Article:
My Belmont Day

Updated: June 9, 2007, 4:52 PM ET
By Jay Cronley | Special to ESPN.com

Editor's Note: Jay will be dropping by all day with his observations and musings on the 139th Belmont Stakes.

4:48 p.m. ET
Racetrack conversations.

Plan B?

A friend and I stood under a television screen and watched a replay of a race on the under-card from Belmont Park.

We almost won.

Not everybody lost.

"See him," I said.

My friend nodded. How could you miss. A man had a stack of tickets an inch thick.

"He goes through the garbage cans and gets tickets and runs them through the betting machines," I said.

"Which explains why the machines get stuck. Mustard and pickles in there."

"He's had two winners since I've been watching."

"You're kidding."

We watched him run a dozen or so tickets through the betting machine. Nothing. He wiped something off the front of a ticket and sent it in. It wasn't a winner.

My friend said something about this bothered him. He walked over there.

"You need to bet?" the man trying tickets asked, stepping aside.

We said not yet.

"How you doing?" my friend asked.

"Not bad. Couple of little winners."

"You know, somebody bought those tickets you cashed."

"They weren't lost," the man running them through the machine said. "They were thrown away. Nobody said it was their ticket. Better I have them than the track."

Could be hard to argue that.

He said he said he was going to get something cool to drink and asked if we wanted anything.

Thanks anyway, no.

"Guy going through the garbage just offered to give us a hand," my friend said.

3:56 p.m. ET
Racetrack conversations.

Highlights of my team of four great friends putting together an exotic Belmont ticket.

"How's it going?"

"Great."

"Feel unbelievably lucky."

"This is our day."

"Agreed. We own this race."

"It's like a meeting of four mediums."

"All right, let's get started," my friend with the notebook inside a fancy leather folder said. "Now. Hard Spun. The controlling speed. He's on top."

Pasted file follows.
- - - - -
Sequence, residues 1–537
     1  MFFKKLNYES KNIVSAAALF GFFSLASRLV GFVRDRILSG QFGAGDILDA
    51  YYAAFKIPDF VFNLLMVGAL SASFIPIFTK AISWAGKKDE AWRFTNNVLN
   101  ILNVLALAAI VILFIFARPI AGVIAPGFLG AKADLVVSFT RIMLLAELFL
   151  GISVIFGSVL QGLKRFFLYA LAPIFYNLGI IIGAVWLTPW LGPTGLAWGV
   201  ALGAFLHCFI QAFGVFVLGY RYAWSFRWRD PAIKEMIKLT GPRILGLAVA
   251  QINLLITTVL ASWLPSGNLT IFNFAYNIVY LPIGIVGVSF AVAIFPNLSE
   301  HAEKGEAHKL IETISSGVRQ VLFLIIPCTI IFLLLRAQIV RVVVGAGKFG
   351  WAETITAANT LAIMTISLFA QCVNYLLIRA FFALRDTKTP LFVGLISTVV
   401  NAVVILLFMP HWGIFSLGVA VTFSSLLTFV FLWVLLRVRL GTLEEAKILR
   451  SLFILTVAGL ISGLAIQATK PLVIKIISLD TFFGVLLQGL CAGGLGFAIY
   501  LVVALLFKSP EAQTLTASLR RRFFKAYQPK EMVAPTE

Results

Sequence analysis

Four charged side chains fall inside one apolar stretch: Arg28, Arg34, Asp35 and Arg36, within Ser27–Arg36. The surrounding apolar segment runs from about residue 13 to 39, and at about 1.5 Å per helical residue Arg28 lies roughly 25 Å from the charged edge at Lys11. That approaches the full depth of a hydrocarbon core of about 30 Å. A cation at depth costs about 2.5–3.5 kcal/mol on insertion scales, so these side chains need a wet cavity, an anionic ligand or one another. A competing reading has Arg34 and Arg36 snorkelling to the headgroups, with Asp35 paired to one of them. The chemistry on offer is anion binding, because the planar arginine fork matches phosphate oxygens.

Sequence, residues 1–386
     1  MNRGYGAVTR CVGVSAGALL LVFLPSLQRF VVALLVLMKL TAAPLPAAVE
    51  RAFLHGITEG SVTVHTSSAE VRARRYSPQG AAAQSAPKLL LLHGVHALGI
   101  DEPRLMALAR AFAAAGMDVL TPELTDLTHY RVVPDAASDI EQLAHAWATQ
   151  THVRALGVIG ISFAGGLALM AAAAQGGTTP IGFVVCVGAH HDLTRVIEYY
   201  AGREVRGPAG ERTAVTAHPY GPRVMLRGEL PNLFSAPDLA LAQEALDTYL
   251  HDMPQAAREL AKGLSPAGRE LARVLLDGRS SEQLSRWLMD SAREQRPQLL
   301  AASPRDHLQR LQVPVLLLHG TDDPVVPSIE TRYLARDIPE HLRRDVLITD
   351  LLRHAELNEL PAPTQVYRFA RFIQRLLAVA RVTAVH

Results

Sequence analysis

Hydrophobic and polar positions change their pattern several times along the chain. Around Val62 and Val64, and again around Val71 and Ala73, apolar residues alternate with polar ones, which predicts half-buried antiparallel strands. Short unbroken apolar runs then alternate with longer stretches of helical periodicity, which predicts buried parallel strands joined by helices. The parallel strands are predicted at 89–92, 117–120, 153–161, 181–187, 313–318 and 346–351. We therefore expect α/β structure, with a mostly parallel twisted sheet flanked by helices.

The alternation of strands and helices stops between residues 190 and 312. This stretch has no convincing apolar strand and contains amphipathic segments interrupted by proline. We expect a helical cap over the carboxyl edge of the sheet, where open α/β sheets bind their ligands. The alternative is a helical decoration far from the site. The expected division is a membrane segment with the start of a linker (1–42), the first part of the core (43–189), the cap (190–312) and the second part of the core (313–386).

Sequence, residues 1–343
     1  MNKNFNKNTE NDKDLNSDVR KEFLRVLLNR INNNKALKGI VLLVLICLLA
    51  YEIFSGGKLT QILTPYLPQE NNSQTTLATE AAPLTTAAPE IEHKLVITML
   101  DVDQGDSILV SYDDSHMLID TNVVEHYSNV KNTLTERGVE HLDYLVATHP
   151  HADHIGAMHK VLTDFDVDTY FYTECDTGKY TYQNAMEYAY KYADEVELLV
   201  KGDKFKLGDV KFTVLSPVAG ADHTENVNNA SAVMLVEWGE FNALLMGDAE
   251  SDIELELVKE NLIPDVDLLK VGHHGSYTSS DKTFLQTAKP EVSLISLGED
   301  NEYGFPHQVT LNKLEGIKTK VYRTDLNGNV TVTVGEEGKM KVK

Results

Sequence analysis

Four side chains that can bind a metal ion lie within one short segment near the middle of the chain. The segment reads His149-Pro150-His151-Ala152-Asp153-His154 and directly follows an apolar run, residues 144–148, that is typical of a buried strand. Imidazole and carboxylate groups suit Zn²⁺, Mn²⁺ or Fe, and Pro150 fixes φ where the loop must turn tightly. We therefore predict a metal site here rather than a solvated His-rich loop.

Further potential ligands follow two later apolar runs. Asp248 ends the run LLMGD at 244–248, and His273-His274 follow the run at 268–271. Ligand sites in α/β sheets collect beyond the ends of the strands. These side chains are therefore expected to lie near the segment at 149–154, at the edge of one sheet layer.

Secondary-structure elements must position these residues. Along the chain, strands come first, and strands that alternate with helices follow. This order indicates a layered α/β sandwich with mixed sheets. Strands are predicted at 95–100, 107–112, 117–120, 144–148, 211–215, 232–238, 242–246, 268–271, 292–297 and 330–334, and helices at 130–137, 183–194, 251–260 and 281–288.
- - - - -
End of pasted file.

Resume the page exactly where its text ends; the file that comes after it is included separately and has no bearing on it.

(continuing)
"Wait," somebody said.

"Yeah," I said. "Hang on there a second."

"He's not necessarily the controlling speed," the third great friend said. "Slew's Tizzy is as quick as any of them. Slew's Tizzy could run Hard Spun right into submission."

"Agreed."

"Agreed."

"Disagree," the person with the leather goods said.

"I want Tiago on top," somebody said.

The table fell silent a moment.

"Tiago is the trendy pick. His odds are already down by about half."

"Trendy never wins."

"Trendy and late at Belmont. Ouch."

"Says who?" the one who wanted Tiago on top said.

"Knowledgeable handicappers," the friend who had to have Hard Spun on top said.

"What about Curlin?" the other one said.

"Too short."

"What do you mean too short. You can't let numbers chase you off the winner."

Somebody wanted to key C P West second.

Somebody said not with his money.

"Could I get my pen back?" the one who had loaned it for the figuring of our exotic asked.

Somebody got up to leave.

Somebody said maybe we could get a beer later.

Maybe.

Maybe not.

3:10 p.m. ET
Racetrack conversations.

Belmont day; she said, he said.

I said: "There are a couple of things about a filly running against males at a mile and a half that make me nervous."

She said: "I cannot believe you said that."

"Why?" I said.

"I think you know why. That was an unfair statement. Bringing sex into it."

"We're not talking about applying for a job. We're talking about an animal getting around a gigantic race track."

"All females should have an equal opportunity at sports."

"She's racing. She's in the race. And she gets a five-pound sex allowance. What could be more equal than that?"

She said that she could tell I didn't think the filly had a chance to win.

I said that I though the filly could win. "I'm just not picking her to win."

"Why?"

I explained that I had a mental block about betting horses that had just had their best races on an off track. Who knows how that would translate to a dry surface.

"She was bred to run all day," she said.

"I was bred to understand math. And look what that got me."

"She's winning. I'm winning."

"You have the fatigue factor on your side. I've gotten tired just watching Hard Spun run in the last two races. Imagine how he must feel. And most of the other males look too late to win."

She nodded a little.

"And at most tracks, I'd take a female jockey over a male any day of the week," I said.

End of conversation.

Write to Jay at jaycronley@yahoo.com